Instead of sitting in a cramped waiting room or standing on a cold platform while you’re waiting for a train, why not enjoy a nice beer or glass of wine in one of the many great bars and pubs at UK stations?
Here are a few you might be lucky enough to have to catch a train from:
Built in 1893, this Grade I listed building was once the elegant refreshment rooms for first class rail passengers, but after eventually being used as cells by the British Transport Police it was left derelict.
However, the building was restored in 2000 and is now an opulent bar and, quite literally, a work of art as it still boasts floor-to-ceiling original multi-million pound Victorian tiling, as well as a 14ft square mural and 20ft-high columns.
Platform Two of this Grade II listed station boasts converted waiting rooms selling both English ales and bottled craft beers.
Part of the Transpennine Rail Ale Trail, trains stop right outside the three-room pub, which has quirky signs and pictures adorning the walls.
Claiming to be the smallest pub in the world, the Signal Box can only fit six customers at a time in its 8ft x 8ft premises, which was originally a signal box in Scunthorpe.
It was moved to its current location and eventually opened as a pub in 2006. It serves real ale and has a beer garden, and is a popular tourist attraction.
4. The Mallard, Dingwall Station, Inverness, Scotland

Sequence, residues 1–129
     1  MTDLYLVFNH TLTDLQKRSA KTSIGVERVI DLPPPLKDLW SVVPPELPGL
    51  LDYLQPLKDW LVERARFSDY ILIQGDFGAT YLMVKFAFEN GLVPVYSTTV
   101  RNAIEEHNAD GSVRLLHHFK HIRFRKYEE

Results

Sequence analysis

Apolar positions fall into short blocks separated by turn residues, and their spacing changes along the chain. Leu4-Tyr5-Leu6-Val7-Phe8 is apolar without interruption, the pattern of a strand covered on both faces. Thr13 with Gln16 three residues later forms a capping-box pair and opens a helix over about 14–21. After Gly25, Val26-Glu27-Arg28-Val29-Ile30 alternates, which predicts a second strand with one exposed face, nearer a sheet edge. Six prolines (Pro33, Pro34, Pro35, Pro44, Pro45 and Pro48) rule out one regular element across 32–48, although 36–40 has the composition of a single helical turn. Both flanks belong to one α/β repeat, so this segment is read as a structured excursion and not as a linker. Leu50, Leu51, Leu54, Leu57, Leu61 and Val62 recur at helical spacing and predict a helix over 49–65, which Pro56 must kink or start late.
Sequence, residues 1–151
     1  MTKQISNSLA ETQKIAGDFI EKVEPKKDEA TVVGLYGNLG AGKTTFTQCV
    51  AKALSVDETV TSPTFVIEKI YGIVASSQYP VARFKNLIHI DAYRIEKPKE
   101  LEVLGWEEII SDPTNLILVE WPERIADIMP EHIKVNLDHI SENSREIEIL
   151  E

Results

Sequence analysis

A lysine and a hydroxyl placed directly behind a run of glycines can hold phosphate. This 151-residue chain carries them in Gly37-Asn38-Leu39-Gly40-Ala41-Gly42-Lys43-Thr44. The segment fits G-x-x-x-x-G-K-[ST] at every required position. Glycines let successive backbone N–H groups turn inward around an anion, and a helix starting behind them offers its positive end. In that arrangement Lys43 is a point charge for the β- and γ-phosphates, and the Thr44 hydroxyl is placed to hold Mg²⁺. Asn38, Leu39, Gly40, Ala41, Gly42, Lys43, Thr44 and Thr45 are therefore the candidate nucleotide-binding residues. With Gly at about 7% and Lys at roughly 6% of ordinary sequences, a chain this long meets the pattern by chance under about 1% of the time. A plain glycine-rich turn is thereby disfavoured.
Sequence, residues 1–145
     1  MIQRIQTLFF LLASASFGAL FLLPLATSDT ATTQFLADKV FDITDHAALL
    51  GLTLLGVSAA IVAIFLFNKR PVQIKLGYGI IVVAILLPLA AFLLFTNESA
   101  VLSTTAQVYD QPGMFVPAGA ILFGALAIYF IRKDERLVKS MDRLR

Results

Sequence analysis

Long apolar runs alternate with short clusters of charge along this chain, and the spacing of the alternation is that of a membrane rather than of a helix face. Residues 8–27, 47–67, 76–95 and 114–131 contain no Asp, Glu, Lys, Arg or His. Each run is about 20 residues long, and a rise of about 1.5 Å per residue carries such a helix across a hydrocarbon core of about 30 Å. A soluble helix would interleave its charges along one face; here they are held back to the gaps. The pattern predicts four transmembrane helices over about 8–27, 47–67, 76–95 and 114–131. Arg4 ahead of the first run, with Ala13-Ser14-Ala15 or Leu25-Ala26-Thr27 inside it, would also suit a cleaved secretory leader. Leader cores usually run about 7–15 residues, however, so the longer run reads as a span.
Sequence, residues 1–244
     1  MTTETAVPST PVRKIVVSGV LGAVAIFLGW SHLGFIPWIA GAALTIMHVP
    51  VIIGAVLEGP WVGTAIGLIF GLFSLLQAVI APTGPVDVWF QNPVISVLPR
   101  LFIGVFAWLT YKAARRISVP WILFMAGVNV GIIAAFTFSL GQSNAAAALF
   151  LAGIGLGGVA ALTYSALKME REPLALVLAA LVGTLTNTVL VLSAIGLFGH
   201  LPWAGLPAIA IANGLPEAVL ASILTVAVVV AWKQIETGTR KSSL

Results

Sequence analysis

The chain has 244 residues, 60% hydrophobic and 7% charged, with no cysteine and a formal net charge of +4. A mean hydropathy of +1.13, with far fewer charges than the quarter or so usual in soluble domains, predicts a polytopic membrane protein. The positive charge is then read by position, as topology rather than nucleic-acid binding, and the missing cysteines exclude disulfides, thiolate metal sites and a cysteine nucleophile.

A busy traditional pub right on the platform at Dingwall Station, and popular with football fans as it’s just a stone’s throw away from Ross County football ground.
Located on the Grand Terrace at St Pancras Station, Searcys boasts the title of Europe's longest Champagne Bar.
The magnificent location offers views of the entire station, showcasing the impressive wrought iron and glass ceiling overhead.
There’s seating for 110 people in the 98m space, with plenty of standing room lit by Art Deco lamps.
The bar features a ‘Press for Champagne’ button and table service, plus blankets, fan heaters and heated leather seats to ward off the cold.
6. Steamhouse, Urmston Station, Greater Manchester
A free house and restaurant offering home-cooked food, located in the original (1872) railway station building which was restored in 2006 after years of neglect.
There are large open fires in an open main bar and separate side rooms created from the former Victorian ticket office.
A listed Edwardian railway station refreshment room that was abandoned for many years until it was elegantly restored in 2009.
The Tap features a long mahogany bar and leather chairs and offers cask ales and beers from the in-house brewery, Tapped.